Shakespearian soliloquies, mind-bending avant-garde pieces and large musical numbers all take their places with the Independent Student Production Companies at the School of Dramatic Arts, but Impulse Theatre Company is the only ISP company that focuses wholly on contemporary realism.
“Studying journalism, that was really interesting to me—a play being something that’s drawn from real life,” said Heather Mimikos (BA Narrative Studies and Journalism ’26), one of Impulse Theatre Company’s two vice presidents. “Looking at current events and highlighting different identities—it’s not that other types of theatre don’t do that, but I think contemporary realism provides a space where different identities can be more present.”
Celebrating identity and promoting inclusivity is also a major focus for Impulse Theatre Company. When the group was created in 2017 by School of Dramatic Arts students Mekhala Bijawat (BA Theatre ‘20) and Jack Elleto (BA Theatre ‘20), they envisioned a student-run company which could “fill in the gaps of contemporary realism, inclusivity and open casting in our community.” Inclusivity is reflected in the membership of Impulse Theatre Company, whose board consists of SDA and non-SDA students alike, as well as several international students, comprising a diverse perspective brought together by a passion for making great theatre. “We look for people who are really dedicated and passionate, not just about theatre, but also about working with others and making a really welcoming creative space for everybody,” Katie Klaskin (BA Acting ’26), the other vice president of the group, said. “We really want to make sure that the people that we have representing the board are dedicated and passionate, but also kind, good human beings who want to make great theatre with other people.”
One advantage of putting on contemporary realist pieces independently is that it gives students a chance to produce work they have practiced in the classroom. In Fall 2023, Impulse Theatre Company produced Ruby Rae Spiegel’s play Dry Land, a story about high school girls dealing with an unplanned pregnancy. It was a piece that many School of Dramatic Arts students had studied in class, and one that, due to the ages of the characters, dealt with serious subject matter the students could relate to. “Even though the subject sounds really heavy—and at times, it is—we really liked the play because there are such brilliant moments of comedy and truth that you get to see,” Klaskin said. “Especially with the two main characters being high school students, we found it super relatable and authentic to the female experience particularly.”
Performed in early December, Dry Land was one of the final shows ever performed in the School of Dramatic Arts’ iconic Massman Theatre. Members of Impulse Theatre Company understood and appreciated the opportunity to produce one of the final performances in the space.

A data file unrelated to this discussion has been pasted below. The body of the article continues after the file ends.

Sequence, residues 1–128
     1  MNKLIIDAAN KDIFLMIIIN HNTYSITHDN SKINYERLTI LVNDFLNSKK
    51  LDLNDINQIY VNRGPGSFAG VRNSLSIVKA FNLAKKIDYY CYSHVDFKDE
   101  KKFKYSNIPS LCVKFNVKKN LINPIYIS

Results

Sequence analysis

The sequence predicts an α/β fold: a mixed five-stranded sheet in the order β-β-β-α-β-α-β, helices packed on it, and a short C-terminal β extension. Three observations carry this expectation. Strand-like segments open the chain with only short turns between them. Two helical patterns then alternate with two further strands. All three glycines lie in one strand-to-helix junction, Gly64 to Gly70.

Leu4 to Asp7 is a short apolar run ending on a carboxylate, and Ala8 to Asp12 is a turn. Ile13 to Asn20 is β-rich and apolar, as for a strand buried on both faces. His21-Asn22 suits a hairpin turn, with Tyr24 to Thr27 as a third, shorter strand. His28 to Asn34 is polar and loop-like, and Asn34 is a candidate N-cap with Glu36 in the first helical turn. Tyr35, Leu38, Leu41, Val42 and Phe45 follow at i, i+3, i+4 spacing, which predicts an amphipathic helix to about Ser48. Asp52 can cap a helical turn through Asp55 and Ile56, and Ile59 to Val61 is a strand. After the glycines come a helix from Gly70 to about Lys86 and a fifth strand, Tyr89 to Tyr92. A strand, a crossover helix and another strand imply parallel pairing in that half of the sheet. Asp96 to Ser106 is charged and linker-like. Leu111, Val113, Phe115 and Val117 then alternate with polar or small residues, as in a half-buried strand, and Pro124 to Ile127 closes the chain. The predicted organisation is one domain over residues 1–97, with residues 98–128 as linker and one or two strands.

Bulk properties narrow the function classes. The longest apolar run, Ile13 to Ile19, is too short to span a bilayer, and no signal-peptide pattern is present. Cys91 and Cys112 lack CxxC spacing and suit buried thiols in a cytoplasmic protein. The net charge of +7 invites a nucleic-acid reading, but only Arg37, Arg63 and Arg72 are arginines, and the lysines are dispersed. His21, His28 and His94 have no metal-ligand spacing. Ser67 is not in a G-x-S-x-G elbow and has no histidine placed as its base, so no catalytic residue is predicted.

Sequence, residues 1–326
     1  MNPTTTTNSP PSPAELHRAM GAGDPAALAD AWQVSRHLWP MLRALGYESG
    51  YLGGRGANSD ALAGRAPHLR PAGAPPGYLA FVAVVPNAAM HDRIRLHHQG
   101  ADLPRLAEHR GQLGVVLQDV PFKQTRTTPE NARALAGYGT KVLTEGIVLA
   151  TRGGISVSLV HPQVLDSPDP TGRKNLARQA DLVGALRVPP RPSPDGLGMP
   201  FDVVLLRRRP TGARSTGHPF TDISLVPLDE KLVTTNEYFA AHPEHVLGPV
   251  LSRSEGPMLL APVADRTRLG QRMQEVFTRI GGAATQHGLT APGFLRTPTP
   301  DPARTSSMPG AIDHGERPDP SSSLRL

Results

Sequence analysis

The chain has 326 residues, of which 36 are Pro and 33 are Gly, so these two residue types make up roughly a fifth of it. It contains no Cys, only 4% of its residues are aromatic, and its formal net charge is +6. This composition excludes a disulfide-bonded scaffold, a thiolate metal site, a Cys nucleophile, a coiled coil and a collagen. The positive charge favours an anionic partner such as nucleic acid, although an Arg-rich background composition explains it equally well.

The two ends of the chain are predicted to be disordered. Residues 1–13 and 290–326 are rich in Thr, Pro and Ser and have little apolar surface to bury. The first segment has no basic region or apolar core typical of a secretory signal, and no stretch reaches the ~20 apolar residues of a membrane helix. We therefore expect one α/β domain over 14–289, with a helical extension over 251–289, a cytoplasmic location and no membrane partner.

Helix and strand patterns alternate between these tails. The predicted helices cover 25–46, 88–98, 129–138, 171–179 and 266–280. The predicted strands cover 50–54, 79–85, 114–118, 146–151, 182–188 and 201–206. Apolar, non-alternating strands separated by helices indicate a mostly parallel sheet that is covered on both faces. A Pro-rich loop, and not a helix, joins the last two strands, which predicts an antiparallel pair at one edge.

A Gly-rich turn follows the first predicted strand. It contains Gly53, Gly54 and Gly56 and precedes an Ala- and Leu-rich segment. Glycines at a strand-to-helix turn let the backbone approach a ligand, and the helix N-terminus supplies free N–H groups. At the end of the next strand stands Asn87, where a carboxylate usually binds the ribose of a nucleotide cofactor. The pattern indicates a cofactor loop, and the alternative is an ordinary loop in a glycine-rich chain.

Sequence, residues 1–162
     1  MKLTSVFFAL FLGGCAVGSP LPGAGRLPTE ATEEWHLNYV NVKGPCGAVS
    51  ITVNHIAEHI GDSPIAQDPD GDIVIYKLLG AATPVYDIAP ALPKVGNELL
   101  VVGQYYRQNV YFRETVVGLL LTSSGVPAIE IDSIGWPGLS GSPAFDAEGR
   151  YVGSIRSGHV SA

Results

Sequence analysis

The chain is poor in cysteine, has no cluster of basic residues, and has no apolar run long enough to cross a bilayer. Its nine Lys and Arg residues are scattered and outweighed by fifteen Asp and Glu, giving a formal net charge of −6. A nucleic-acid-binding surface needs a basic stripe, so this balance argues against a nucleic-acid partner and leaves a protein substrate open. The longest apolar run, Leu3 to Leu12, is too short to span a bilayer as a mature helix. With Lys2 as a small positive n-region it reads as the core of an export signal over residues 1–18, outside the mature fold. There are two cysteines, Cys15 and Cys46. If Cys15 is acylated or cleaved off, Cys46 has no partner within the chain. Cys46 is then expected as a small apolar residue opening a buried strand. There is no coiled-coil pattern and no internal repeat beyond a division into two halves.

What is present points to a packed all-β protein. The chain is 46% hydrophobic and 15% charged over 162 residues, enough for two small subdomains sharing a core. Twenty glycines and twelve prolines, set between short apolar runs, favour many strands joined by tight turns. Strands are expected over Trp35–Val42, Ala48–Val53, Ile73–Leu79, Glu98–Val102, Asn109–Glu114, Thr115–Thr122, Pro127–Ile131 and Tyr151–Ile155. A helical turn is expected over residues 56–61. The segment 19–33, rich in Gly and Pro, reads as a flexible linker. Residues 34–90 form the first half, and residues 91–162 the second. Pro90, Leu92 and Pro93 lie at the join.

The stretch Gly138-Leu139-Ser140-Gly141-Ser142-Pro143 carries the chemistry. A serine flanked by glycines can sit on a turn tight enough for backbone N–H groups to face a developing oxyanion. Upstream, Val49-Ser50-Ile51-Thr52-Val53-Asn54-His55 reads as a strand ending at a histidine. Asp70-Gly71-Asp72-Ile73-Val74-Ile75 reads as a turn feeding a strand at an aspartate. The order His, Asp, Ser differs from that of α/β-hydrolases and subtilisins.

“I think we felt really privileged to have that opportunity to kind of close out the Massman,” Klaskin said. “We had a great turnout. People really enjoyed it.”
Theatre kids at heart
Conforming with the group’s value of inclusivity, plays are selected in the Spring (for production in the Fall) via an open call for pitches. Any USC student, SDA-affiliated or not, can pitch a production, explaining why they think the material is important and how they would go about producing it as a director. Once the plays are selected, the group spends the summer and into the Fall producing the work independently—in the tradition of ISPs on campus, leaning on students for every aspect of the production. Board members hope that, as contemporary realist pieces, the material will speak to USC students and the SDA community.
“They give us a budget and timeline, but also talk about why they think the show is important, not only for everybody to see, but for the SDA community specifically,” Klaskin said.
Klaskin and Mimikos commented that ISPs like Impulse Theatre Company tend to provide a sense of community, being entirely student-run and done sheerly for the joy of creating theatre.
“I think the way that ISPs are structured, where it’s up to you to decide how much you want to commit to it, and when you want to commit to it, you get these people who want to be there all the time because they’ve made the commitment,” Klaskin said. “You get to work with these people who really want to be there, and you also get to make these amazing friends.”
“I really appreciate ISPs in that regard, because it allows me, a theatre kid at heart, to be involved in that space,” Mimikos said. “It’s very encouraging that students from all disciplines can join.”
The members of the Impulse Theatre Company emphasize creating an inclusive space for acting majors and non-acting majors alike to celebrate their love of contemporary realist theatre. They encourage students who are on the fence to get involved and not be intimidated by not being affiliated with the School of Dramatic Arts. All that’s required is a love for theatre.
“We want you to join,” Klaskin said. “It shouldn’t be intimidating. We always want cast members, we always want crew, we always want board members. It’s not an exclusive space by any means.”
“I think we enjoy it so much because we love who we work with. We want to be there,” Mimikos said. “Impulse is like family.”